Creative Programming In Processing | Set 1 (Random Walker)

The Lorenz system is a system of ordinary differential equations first studied by Edward Norton Lorenz, an American mathematician and meteorologist around 1963. It is notable for having chaotic solutions for certain parameter values and initial conditions. It was derived from a simplified model of convection in the earth’s atmosphere. It also arises naturally in models of lasers and dynamos. The Lorenz attractor is a set of chaotic solutions of the Lorenz system which, when plotted, resemble a butterfly or figure eight. The following image appeared in the Nature journal 31 August 2000, pp 949 as part of an article titled The Lorenz Attractor Exists, written by Ian Stewart.

The Lorenz attractor system is most commonly expressed as 3 coupled non-linear differential equations-

In the above set of equations, ‘a’ is sometimes known as the Prandtl number and ‘b’ the Rayleigh number. One commonly used set of constants is a = 10, b = 28, c = 8 / 3. Another is a = 28, b = 46.92, c = 4.

**Sample implementation of the differential equations in java:-**

int i = 0;

double x0, y0, z0, x1, y1, z1;

double h = 0.01, a = 10.0, b = 28.0, c = 8.0 / 3.0;

x0 = 0.1;

y0 = 0;

z0 = 0;

for (i = 0; i < N; i++) {

x1 = x0 + h * a * (y0 – x0);

y1 = y0 + h * (x0 * (b – z0) – y0);

z1 = z0 + h * (x0 * y0 – c * z0);

x0 = x1;

y0 = y1;

z0 = z1;

// Printing the coordinates

if (i > 100)

System.out.println(i + " " + x0 + " " + y0 + " " + z0);

}

[/sourcecode]

We will try to implement the above logic in Processing Java visually. Since we will be plotting the points in 3d, we need use a 3d renderer. We will be using the OPENGL renderer in the following implementation but a P3D renderer can also be used. We also need to use an external Processing library called PeasyCam which helps us to create an interactive camera object for 3d environment workflow. PeasyCam can be downloaded using the Processing IDE from tools ->Add Tool -> Libraries.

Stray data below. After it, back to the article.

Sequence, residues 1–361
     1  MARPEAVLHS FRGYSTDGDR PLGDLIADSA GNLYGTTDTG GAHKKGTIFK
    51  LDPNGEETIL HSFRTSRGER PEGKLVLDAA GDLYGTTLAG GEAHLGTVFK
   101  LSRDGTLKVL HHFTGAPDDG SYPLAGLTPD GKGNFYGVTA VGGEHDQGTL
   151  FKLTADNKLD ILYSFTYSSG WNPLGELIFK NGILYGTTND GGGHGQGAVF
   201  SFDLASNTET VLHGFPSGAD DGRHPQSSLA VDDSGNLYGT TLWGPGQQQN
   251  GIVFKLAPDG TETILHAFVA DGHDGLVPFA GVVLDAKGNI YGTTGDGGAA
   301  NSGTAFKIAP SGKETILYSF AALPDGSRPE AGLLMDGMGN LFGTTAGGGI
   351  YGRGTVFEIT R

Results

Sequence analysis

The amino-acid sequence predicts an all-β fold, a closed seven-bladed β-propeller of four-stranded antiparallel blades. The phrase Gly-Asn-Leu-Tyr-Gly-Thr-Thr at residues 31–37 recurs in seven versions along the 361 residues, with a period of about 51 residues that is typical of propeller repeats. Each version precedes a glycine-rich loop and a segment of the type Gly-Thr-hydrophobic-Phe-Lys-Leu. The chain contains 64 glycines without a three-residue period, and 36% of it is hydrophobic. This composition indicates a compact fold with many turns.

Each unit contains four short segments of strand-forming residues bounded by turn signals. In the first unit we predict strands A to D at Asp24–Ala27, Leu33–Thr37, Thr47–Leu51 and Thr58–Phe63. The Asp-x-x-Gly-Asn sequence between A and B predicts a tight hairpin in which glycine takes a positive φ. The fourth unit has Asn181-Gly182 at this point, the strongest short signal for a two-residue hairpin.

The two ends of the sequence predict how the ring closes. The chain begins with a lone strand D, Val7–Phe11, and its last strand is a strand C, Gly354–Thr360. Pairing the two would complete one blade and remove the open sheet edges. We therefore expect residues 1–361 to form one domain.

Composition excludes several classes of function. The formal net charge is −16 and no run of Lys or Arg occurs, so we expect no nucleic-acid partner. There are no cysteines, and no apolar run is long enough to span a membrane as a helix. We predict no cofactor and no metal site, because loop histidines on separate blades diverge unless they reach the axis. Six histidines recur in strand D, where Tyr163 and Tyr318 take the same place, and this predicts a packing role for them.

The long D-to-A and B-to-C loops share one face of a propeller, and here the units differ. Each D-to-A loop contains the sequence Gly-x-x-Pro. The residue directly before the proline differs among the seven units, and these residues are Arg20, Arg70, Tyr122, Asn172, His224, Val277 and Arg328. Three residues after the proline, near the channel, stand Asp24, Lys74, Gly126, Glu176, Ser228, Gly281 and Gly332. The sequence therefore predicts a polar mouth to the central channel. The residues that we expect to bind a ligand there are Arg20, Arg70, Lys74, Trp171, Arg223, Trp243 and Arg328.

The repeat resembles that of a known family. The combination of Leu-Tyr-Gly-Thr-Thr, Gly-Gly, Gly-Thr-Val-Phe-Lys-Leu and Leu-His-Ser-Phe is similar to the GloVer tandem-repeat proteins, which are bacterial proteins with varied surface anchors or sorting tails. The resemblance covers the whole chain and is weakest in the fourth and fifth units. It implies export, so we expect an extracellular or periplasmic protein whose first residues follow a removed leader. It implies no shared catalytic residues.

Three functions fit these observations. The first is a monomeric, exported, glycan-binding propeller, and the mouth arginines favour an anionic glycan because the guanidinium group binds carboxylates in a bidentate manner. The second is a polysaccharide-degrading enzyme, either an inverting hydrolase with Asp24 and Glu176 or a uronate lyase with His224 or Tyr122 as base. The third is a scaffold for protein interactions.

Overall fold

We will also be using the following functions to represent the Lorenz Attractor structure-

`beginShape()`

– begins recording vertices for a shape.`endShape()`

– stops recording vertices for a shape.`vertex()`

– this function is used to specify the vertex coordinates for points, lines, triangles, quads, and polygons. It is used exclusively within the`beginShape()`

and`endShape()`

functions.

**Implementation of Lorenz Attractor in Processing java:-**

[sourcecode language=”Java” highlight=””]

/* FINAL SKETCH FOR LORENZ ATTRACTOR */

import peasy.*; // Importing peasy package

// Initialization

float x = 0.01, y = 0, z = 0;

float a = 10, b = 28, c = 8.0 / 3.0;

// ArrayList of PVector objects to store

// the position vectors of the points to be plotted.

ArrayList<PVector> points = new ArrayList<PVector>();

PeasyCam cam; // Declaring PeasyCam object

void setup()

{

// Creating the output window

// and setting up the OPENGL renderer

size(800, 600, OPENGL);

// Initializing the cam object

cam = new PeasyCam(this, 500);

}

void draw()

{

background(0);

// Implementation of the differential equations

float dt = 0.01;

float dx = (a * (y – x)) * dt;

float dy = (x * (b – z) – y) * dt;

float dz = (x * y – c * z) * dt;

x += dx;

y += dy;

z += dz;

// Adding the position vectors to points ArrayList

points.add(new PVector(x, y, z));

translate(0, 0, -80);

scale(5);

stroke(255);

noFill();

// Beginning plotting of points

beginShape();

for (PVector v : points) {

// Adding random color to the structure in each frame

stroke(random(0, 255), random(0, 255), random(0, 255));

vertex(v.x, v.y, v.z); // plotting the vertices

}

endShape(); // Drawing ends

}

[/sourcecode]

**Output:-**

**Source Materials** –

This article is contributed by **Soumik Rakshit**. If you like GeeksforGeeks and would like to contribute, you can also write an article using contribute.geeksforgeeks.org or mail your article to contribute@geeksforgeeks.org. See your article appearing on the GeeksforGeeks main page and help other Geeks.

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